Terracotta Army carriage with umbrella from Qin Shihuang’s tomb (Source: Pinterest)
China made use of umbrellas and parasols as protection from both the sun and rain, but this practice was also confined to the upper classes. Imperial carriages were outfitted with numerous umbrellas, serving practical and ceremonial purposes.
The ancient Chinese are also credited for having the earliest recorded use of collapsible umbrellas, with texts from as far back as 2,400 years referencing umbrellas that could slide and close.
The Dark Ages of Umbrellas
Records of umbrellas in Europe’s Middle Ages are extremely rare, giving the impression among historians that this tool was rarely, if ever, used in the region. Cloaks were the oft-cited instrument that medieval European people used to cover themselves when caught out in the rain.
It was only in the 16th century that mentions of umbrellas popped up once more in European history. However, such accounts are restricted to the clergy of the Catholic Church in Italy.
Umbrellas in The 17th to 19th Century Europe
Van Dyck’s painting of Marchesa Elena Grimaldi, c.1623 (Source: Costume Historian)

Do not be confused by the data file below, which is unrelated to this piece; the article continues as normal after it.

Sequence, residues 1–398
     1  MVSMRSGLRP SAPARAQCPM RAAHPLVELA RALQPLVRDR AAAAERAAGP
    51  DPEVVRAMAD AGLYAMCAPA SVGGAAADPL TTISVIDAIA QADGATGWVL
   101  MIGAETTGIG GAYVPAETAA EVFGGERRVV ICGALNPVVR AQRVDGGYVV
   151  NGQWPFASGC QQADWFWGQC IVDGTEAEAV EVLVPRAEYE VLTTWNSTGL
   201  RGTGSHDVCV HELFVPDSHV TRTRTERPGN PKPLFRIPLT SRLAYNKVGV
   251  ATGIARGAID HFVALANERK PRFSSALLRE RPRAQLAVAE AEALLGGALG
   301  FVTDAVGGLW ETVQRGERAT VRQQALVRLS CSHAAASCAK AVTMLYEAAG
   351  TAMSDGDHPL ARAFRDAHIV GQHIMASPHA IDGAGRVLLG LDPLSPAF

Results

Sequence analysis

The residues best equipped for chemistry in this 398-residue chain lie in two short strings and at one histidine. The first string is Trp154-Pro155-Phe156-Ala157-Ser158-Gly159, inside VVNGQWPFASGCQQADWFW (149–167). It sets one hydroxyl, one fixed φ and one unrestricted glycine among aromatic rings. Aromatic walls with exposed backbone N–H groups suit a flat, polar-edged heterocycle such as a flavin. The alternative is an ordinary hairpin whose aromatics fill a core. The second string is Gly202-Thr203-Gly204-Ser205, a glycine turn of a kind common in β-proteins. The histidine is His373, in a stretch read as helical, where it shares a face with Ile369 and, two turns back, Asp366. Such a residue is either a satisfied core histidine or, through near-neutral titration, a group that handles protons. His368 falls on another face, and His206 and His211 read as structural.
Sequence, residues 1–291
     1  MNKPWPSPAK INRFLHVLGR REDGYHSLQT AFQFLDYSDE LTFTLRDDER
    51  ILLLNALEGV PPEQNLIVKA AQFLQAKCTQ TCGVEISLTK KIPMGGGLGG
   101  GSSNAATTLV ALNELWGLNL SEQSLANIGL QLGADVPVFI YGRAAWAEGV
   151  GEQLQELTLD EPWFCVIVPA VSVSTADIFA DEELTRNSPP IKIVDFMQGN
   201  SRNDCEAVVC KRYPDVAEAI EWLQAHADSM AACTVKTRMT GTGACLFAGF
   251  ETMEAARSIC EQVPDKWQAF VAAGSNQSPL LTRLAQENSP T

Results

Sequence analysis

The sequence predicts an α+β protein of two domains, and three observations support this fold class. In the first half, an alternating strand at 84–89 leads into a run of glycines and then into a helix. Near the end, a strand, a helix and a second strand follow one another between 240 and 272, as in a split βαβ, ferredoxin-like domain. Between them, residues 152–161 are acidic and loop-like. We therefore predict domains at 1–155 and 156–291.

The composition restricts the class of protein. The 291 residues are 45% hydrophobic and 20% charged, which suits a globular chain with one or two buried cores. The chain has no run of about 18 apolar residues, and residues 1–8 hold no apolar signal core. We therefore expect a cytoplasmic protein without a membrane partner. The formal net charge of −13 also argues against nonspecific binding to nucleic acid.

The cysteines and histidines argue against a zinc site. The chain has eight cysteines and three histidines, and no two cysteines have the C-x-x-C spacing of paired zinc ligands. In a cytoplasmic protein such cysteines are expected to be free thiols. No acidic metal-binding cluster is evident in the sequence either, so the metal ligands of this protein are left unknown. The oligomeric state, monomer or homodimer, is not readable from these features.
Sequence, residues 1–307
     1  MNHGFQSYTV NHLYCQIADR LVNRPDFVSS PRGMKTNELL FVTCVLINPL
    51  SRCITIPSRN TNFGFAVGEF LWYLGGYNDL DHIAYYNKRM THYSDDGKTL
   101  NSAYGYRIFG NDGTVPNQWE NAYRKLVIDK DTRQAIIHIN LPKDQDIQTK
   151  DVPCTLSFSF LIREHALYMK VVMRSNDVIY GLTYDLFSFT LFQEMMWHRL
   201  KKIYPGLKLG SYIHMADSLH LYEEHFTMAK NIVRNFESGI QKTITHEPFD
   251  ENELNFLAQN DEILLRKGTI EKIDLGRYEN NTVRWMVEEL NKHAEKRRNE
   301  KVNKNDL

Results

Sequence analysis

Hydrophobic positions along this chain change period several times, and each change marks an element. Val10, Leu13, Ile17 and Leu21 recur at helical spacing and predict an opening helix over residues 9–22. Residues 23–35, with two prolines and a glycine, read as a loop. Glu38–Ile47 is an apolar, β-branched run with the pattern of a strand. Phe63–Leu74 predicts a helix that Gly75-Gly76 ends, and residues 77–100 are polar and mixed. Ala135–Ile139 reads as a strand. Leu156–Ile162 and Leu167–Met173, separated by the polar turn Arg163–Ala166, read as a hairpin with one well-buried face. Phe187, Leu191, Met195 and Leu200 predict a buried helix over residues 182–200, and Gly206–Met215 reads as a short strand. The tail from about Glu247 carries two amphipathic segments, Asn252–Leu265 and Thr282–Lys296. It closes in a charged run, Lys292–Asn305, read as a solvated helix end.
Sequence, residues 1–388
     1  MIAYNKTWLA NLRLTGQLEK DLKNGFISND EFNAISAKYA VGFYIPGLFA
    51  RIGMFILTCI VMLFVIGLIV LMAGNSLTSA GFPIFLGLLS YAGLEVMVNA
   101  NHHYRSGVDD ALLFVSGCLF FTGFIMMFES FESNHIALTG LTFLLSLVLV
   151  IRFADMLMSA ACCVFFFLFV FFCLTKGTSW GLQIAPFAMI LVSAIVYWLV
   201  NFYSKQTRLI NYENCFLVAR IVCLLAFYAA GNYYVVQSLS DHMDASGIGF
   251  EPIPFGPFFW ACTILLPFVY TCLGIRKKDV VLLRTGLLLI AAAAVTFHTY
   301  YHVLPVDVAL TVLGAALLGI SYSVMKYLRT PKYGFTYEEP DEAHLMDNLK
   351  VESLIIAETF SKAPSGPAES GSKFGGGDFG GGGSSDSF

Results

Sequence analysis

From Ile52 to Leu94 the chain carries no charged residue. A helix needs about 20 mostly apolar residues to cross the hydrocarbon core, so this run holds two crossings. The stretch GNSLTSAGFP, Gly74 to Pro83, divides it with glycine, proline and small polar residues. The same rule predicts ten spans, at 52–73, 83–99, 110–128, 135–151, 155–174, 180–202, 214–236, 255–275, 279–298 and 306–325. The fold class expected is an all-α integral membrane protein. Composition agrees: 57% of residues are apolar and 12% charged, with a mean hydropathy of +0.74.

The 17th century did see a rise in the use of parasols and umbrellas in England and France. Presumably, this is because of the growing relationship between Europe and Asia during this point in history. China and India never stopped using these tools, and both countries’ cultures began to seep into the West.
Parasols and umbrellas continued to be handled directly by servants as they attended to their masters, although there are accounts of Italian horsemen employing them as they rode in the sunlight.
Umbrellas, during this period, were cumbersome. Common materials that were used to make umbrellas were wooden rods or whalebone with wax-coated canvas canopies.
Marius-system umbrella (Source: Palais Galliera)
Parisian merchant Jean Marius popularised the lightweight folding umbrella in Europe in 1710. Its mechanism for opening and closing is similar to that of today’s umbrellas. Umbrellas specifically used for rainy days became more common in France throughout the 18th century, with rental services first appearing then giving way to more and more shops that made and sold umbrellas for everyone.
Poster print of 18th century wood engraving of Jonas Hanway (Source: Amazon)